Pneumatic Conveying of Bulk Solids short course October 09, 2009
This is a two-day course to be held on 17 - 18 November 09 at Chatham Maritime, Kent.
The Wolfson Centre, part of the University of Greenwich School of Engineering, has strong links with many different sectors of industry, including minerals, pharmaceuticals, food manufacturing, aggregates and recycling to name but a few. We offer consultancy, research projects and short courses that combine technological excellence with personalised teaching.
Pneumatic conveying is one of the most commonly used means of transporting bulk solids. Applications range from large scale ship bulk cargo unloaders through to small in-plant systems.
The Wolfson Centre has wide experience of different pneumatic conveying systems and the types of problems that can arise as a result of mismatching materials, feeders, pipe designs, or air movers to one another. The presenters have pooled their vast knowledge and experience in dealing with these problems to deliver a 2 day course which will cover operational and design issues associated with such systems.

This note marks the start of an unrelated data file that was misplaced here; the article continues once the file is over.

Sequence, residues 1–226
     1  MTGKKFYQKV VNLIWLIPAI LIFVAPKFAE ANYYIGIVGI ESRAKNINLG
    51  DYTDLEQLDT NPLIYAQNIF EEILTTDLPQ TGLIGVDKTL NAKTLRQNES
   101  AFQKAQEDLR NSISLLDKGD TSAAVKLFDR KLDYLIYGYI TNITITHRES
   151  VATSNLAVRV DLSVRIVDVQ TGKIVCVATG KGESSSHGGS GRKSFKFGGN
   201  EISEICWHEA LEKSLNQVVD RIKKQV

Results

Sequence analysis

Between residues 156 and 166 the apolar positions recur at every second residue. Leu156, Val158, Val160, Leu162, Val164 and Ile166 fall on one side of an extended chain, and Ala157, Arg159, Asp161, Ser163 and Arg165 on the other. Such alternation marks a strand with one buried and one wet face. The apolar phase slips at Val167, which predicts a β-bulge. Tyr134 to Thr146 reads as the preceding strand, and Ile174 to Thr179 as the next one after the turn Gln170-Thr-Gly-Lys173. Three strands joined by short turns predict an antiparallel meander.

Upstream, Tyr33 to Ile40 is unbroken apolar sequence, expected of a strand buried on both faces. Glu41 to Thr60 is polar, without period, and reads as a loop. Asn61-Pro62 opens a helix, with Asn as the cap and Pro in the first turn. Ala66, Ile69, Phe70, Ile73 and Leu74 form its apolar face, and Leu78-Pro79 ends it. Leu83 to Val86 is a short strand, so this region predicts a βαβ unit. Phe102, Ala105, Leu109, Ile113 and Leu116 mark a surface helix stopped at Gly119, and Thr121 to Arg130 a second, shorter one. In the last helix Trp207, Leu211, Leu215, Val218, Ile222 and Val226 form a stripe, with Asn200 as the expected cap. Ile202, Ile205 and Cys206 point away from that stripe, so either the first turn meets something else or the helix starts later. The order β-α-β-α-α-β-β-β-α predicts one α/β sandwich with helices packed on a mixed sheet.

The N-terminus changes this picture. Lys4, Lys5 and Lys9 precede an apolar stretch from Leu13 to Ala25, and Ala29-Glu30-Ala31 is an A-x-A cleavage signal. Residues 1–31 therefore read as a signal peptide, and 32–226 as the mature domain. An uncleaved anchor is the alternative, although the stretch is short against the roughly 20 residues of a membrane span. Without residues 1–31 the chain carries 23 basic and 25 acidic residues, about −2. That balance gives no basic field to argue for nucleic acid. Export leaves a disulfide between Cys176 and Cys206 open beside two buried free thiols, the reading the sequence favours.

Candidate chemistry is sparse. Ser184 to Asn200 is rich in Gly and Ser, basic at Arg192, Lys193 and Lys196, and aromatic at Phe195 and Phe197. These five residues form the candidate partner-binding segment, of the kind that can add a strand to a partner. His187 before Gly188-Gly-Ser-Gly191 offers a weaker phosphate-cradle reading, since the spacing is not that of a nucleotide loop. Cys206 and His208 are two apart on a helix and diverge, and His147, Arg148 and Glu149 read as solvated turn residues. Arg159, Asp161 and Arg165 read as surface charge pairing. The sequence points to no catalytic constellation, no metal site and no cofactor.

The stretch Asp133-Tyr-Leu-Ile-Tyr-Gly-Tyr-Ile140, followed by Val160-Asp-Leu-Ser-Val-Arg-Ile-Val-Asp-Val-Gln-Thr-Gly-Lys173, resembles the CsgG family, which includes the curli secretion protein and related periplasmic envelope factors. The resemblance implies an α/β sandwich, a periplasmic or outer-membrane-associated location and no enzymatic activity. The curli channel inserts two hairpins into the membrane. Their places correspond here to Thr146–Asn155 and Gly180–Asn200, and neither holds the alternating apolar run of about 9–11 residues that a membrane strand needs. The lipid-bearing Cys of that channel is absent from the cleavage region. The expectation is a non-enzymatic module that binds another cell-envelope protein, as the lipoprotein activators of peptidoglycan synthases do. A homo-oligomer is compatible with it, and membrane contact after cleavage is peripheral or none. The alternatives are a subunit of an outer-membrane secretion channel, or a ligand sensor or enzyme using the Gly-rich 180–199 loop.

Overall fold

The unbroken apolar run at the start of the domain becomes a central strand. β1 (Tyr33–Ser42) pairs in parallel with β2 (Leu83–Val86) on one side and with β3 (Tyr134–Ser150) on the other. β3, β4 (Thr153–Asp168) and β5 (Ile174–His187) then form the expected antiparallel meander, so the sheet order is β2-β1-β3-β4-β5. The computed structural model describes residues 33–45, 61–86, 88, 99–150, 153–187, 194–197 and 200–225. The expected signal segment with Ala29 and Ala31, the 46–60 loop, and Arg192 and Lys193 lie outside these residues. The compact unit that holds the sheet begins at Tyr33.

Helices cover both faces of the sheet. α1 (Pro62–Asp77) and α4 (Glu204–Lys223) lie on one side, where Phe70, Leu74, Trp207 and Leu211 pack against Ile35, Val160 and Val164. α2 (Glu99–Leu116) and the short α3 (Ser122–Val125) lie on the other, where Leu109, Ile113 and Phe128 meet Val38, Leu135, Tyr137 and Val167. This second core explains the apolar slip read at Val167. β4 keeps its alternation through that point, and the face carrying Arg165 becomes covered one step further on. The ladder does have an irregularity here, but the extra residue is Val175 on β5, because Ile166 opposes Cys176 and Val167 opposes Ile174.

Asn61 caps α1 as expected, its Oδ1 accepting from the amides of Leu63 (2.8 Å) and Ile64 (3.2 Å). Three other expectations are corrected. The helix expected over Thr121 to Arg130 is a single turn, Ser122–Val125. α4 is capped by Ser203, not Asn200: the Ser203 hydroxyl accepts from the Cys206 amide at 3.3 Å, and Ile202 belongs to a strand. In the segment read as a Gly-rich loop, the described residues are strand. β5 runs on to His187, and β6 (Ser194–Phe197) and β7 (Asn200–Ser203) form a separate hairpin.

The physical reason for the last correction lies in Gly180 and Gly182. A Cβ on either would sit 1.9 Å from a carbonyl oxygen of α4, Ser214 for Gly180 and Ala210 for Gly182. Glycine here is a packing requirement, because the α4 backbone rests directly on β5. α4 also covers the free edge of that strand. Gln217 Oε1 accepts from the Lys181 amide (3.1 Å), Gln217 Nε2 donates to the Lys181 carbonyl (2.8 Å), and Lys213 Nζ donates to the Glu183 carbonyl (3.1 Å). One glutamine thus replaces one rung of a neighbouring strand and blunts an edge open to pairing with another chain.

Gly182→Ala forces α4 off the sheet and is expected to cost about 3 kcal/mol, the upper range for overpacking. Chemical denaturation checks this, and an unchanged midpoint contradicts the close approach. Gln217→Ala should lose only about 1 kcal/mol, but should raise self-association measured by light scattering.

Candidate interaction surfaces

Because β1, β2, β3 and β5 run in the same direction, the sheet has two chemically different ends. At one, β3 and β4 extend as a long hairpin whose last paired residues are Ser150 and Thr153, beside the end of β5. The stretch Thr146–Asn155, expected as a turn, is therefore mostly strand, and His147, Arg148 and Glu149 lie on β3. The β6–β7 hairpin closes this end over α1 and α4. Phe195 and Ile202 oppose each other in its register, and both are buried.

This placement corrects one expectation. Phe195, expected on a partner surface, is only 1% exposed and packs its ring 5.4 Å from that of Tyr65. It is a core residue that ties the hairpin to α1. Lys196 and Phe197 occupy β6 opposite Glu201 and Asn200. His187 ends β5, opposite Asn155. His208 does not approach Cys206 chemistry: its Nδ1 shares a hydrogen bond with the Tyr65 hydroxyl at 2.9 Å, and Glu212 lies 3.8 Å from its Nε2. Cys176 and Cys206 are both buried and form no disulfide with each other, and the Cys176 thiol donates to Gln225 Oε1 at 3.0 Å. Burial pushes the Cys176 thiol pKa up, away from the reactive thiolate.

The following topics will be covered:
- Components of pneumatic conveying systems;
- Design Techniques;
- Operational problems and effects on system design
- Operation and control of blow tanks, including the transport of powders
- Interfacing storage bins to conveying systems
- Explosion hazards, including ATEX Directives
- All aspects of system selection and operation
The cost of the course is £680 per delegate. This includes course notes, refreshments and a course meal on the first evening.
The course is aimed at Engineers, Managers, Skilled operatives and mainteance crew or anyone involved in using powders such as equipment manufacturers. A basic technical education and/or experience in industry is recommended.
On-line ooking forms are available on our website http://www.bulksolids.com following the links through education to short courses.
Numbers for the seminars are limited to allow delegates the time to discuss their own operational needs and problems.
Further information on the Wolfson Centre activities can also be